You make the obvious point of distinguishing genius and intelligence, and this girl should learn fast to be wary of high praise from society prior to any accomplishments. It is usually the kiss of death. It is an unwittingly cruel game.
The term ‘genius’ has a forgotten legacy, that of the Romantic cult of the genius, next to one instance, that of Schopenhauer, genius and romantic student of genius, and it helps to look at cases that are not physicists, like Keats, a perfect case of the type.
If you study my model of history (history and evolution.com) you will discover the strong correlation of ‘genius’ with the macro interval or its immediate wake. It is therefore problematical to speak of ‘genius’ in the field of physics. People with very high IQ’s doing physics have muddled the question: and physicists should be glad they have a self-sustaining field of endeavor without genius, requiring only high intelligence. The Romantic genius flamed out in a generation, so the model is wrong for physics.
They seem to be stuck on ‘string theory’, so maybe there is something I am missing. (Check out Smolin’s book on the issue).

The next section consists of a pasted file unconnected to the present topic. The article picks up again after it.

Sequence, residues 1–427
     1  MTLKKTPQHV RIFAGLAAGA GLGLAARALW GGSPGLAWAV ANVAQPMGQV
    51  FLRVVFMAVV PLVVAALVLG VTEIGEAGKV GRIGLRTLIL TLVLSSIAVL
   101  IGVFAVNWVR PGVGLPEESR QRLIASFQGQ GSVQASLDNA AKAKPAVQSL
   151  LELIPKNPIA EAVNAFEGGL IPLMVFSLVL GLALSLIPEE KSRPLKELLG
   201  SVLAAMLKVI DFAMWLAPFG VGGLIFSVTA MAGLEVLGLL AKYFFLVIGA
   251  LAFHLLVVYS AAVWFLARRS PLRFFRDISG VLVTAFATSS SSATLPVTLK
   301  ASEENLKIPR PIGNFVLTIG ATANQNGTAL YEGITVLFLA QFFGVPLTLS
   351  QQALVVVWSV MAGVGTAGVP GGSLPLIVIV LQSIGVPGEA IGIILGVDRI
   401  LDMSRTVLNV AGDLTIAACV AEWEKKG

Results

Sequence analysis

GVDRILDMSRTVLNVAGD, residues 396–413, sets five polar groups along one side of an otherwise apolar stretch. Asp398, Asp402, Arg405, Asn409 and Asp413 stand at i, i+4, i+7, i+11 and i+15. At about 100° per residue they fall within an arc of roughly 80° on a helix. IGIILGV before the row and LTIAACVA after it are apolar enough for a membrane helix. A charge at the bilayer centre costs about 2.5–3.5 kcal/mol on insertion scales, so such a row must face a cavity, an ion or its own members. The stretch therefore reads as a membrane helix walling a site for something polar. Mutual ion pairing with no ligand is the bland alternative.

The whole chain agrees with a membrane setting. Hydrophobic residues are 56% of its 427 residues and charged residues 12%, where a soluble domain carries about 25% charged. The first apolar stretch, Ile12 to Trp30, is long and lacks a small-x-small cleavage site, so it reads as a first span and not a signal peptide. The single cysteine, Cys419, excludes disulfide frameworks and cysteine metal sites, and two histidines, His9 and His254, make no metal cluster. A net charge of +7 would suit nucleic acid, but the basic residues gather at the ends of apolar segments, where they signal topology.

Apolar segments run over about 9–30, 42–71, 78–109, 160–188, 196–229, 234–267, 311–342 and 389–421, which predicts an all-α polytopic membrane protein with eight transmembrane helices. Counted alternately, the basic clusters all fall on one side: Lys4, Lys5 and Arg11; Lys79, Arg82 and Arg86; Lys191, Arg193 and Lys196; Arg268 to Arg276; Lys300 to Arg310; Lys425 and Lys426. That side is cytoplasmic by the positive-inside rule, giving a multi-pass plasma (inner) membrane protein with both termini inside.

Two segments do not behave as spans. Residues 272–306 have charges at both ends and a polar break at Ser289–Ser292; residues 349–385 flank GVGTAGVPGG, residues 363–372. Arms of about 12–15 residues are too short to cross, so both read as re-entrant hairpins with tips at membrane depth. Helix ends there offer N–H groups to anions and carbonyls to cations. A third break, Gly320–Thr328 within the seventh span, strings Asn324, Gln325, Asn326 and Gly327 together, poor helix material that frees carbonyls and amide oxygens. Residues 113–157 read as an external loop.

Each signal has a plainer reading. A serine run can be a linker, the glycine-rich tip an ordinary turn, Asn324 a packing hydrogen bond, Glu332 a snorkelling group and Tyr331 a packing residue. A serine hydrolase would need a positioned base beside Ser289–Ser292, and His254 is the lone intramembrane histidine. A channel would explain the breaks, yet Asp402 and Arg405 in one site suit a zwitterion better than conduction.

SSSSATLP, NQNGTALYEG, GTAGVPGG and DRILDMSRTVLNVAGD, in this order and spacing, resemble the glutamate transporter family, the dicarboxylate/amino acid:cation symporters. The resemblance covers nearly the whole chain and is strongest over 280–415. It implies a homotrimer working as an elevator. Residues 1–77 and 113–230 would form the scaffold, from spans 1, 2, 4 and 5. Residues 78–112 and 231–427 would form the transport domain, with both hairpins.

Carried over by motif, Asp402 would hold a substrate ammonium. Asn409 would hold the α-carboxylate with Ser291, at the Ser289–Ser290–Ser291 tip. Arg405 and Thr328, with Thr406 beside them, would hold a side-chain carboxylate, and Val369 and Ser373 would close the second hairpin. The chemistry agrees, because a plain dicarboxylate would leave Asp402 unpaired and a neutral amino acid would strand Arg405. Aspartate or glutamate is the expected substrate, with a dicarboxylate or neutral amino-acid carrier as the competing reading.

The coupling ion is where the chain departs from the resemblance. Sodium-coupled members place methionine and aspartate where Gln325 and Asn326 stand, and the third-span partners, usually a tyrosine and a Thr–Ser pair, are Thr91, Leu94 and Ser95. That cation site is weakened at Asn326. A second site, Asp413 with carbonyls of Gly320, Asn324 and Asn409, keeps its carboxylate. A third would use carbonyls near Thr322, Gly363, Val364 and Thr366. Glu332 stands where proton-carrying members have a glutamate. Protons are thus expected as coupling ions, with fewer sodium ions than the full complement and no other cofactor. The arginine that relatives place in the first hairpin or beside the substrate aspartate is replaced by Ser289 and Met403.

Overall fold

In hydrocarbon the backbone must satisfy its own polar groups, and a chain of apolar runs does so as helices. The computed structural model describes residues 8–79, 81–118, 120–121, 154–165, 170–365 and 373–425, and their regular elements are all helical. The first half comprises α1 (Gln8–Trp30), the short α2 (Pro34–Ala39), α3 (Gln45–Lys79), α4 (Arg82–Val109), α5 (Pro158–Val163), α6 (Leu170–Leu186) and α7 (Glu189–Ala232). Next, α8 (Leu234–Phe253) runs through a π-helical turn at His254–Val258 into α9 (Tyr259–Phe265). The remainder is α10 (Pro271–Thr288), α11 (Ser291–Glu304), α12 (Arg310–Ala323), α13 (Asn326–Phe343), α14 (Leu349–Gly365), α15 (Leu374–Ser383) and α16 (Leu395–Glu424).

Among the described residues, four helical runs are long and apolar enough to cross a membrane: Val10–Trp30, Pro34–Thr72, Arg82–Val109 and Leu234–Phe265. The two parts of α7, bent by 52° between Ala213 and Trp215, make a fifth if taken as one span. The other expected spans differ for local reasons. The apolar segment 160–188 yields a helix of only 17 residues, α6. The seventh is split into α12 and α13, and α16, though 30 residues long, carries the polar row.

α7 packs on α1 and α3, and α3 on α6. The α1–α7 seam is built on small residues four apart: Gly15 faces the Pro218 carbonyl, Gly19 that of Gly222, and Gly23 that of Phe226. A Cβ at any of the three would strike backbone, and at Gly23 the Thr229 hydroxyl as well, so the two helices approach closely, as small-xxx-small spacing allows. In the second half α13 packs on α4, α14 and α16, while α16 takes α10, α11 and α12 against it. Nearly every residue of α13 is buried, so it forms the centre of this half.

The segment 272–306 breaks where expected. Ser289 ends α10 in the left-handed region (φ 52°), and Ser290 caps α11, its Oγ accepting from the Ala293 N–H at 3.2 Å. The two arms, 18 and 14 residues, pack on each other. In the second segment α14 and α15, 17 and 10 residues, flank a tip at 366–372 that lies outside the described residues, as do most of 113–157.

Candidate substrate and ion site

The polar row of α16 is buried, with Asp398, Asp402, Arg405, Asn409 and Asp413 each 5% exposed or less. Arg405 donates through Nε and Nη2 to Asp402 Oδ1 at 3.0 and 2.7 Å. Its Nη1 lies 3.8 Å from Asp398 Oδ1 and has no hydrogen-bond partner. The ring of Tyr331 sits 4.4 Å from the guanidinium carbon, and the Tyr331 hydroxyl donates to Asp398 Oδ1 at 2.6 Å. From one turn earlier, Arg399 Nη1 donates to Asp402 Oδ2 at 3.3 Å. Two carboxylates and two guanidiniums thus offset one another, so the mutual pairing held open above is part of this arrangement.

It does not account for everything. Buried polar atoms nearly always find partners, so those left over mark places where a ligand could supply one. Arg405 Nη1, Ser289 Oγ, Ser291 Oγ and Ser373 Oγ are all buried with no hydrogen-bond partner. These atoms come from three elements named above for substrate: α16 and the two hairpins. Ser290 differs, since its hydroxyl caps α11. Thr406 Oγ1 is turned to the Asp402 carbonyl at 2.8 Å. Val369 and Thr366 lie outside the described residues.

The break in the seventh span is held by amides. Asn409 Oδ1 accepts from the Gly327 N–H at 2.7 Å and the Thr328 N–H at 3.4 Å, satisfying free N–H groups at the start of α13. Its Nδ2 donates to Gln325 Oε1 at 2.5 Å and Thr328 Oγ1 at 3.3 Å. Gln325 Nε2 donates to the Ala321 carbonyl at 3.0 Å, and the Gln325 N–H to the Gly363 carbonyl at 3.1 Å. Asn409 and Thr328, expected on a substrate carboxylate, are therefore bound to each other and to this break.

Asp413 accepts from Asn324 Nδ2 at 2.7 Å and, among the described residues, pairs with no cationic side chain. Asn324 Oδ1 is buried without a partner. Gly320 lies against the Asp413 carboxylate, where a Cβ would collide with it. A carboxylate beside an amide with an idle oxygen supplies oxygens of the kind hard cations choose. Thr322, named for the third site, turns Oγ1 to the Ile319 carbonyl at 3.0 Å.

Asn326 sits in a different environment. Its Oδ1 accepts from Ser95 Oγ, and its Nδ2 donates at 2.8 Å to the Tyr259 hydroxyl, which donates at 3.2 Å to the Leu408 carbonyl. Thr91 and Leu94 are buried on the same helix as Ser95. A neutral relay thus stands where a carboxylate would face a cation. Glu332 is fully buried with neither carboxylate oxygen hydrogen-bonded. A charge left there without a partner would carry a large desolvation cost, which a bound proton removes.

In any case, by normal definitions ‘genius’ should be low probability but evenly distributed over history. We can see that is not the case: the phenomenon is highly clustered to particular age periods.
The question of Bennett is hard to figure. His The Dramatic Universe was a masterpiece manque wrecked by his subservience to Gurdjieff confusions. He saw through them, I suspect, but dishonestly gave them a pass. The book is filled with dubious aspects and is hard to deal with.
But I have studied his (confused) take on the ‘demimurgic powers of nature’, and his insight into ancient Samkhya. Somehow the sufis and then Gurdjieff got a hold of the core insight in Samkhya and gave it a new rendering, which is in evidence in Bennett’s DU>
Check out my Enigma of the Axial Age…